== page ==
Generalizes on the best strategy to enter the market, e.g., visiting the country; importance of relationships to finding a good partner; use of agents.
Successful market entry into Mexico is not entirely different from building sales channels in the United States. Start by establishing an agent, representative, or authorized distributor for products and services in Mexico or opening a representative office. Given the size of the market, the strategy should consider specific regional territories. Most firms assign Mexican agents or distributors in different locations. Many companies find it works well to use three or four specific territories, often centered in Mexico City for central and southern Mexico, in Guadalajara for western Mexico, in Monterrey for northeastern Mexico, and in Baja California for the northwestern border and maquiladora (export manufacturing) zones. For selling to the government, it can be important to have a local office or representative. For regulated products or services such as healthcare solutions, it is necessary to allow time for and to utilize local support to obtain regulatory approvals.
Exporters also need to consider promotional plans. Trade shows, advertising, social media campaigns, and sales calls all work well in Mexico. Mexican buyers are generally price sensitive, and government buyers have strict rules for favoring lowest price offers, so establishing an effective pricing structure is key. Legal counsel, protection of intellectual property, sales, shipping, labor relations, and after sales support all need to be elements of your strategy. The U.S. Commercial Service recommends that companies consider the following:
- To do business in Mexico, it is crucial to develop and maintain close relationships with clients and partners. Mexicans prefer regular direct communication, especially in the initial stages of establishing rapport. Email is widely used, but with more people working from home, platforms such as WhatsApp have become essential for initial connections and for quick interactions.
- Mexican consumers are generally quite knowledgeable about U.S. products and services. Popular U.S. brands are widely recognized in Mexico. Leverage and build upon this familiarity.
- The U.S. Commercial Service can assess market potential of products and services, provide advice on export strategies, and facilitate business agreements with potential clients and/or partners through our three offices located in Mexico City, Guadalajara, and Monterrey.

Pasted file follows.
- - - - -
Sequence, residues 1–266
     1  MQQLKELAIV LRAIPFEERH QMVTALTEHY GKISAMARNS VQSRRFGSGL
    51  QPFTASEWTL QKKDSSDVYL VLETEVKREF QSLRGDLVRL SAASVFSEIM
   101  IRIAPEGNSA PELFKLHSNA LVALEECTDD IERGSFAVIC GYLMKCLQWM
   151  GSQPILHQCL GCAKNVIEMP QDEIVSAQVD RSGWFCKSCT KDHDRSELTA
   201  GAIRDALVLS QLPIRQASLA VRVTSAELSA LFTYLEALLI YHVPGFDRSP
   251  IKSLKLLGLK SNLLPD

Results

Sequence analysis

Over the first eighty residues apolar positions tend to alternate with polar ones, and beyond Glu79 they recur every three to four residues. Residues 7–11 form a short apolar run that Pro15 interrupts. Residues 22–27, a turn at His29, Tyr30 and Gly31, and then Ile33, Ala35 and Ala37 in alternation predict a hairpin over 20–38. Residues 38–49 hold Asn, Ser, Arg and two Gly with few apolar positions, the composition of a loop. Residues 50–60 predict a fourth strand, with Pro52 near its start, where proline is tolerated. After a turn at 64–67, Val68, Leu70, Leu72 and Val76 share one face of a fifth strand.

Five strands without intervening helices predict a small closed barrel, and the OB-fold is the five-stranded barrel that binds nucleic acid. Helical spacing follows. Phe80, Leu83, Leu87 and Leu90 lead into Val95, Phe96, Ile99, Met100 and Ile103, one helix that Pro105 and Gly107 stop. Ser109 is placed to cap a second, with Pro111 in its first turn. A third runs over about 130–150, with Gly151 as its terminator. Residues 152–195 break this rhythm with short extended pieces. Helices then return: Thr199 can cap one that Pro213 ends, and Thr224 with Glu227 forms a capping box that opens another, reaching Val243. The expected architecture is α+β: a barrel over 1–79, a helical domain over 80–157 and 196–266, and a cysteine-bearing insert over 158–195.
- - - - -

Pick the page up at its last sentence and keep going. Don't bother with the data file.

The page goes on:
Contacts and Resources
The U.S. Commercial Service in Mexico prepares this Country Commercial Guide annually. Our mission is to help U.S. companies, states, cities, and non-profit organizations benefit from expanding their exports to and investment attraction from Mexico. To contact your local U.S. Export Assistance Center, please visit the U.S. Commercial Service’s website.
The U.S. Commercial Service has offices in the major commercial centers of Mexico City, Monterrey, and Guadalajara.
U.S. Trade Center
Calle Liverpool #31, Col. Juárez
Mexico City, CDMX 06600
Tel: +52 (55) 5080-2000 ext. 5207
Fax: +52 (55) 5566-1115
U.S. Commercial Service Office in Guadalajara
World Trade Center
Av. Mariano Otero No. 1249; Torre Pacífico—Piso 4
Guadalajara City, Jalisco 44530
Tel: +52 (33) 3615-1140 ext. 102
Fax: +52 (33) 3615-7665
U.S. Commercial Service Office in Monterrey
Prol. Ave. Alfonso Reyes No. 150 Col. Valle Poniente
Monterrey City, Nuevo Leon 66196
Tel: +52 (81) 8047-3100
The U.S. Commercial Service in Mexico offers specialists covering virtually every industry to assist you in entering the Mexican market. You can find their contact information and more information on our top-prospect sectors by reviewing the Leading Prospects section of this guide. You can also see our list of specialists online at the U.S. Commercial Service’s website.
If you have specific questions about customs and documentation issues, ASK MANNY. Mr. Manuel Velazquez, Commercial Assistant in our Monterrey office, counsels U.S. companies every day regarding customs and shipping. He can be reached at Manuel.Velazquez@trade.gov or by phone at +52 (81) 8047-3248.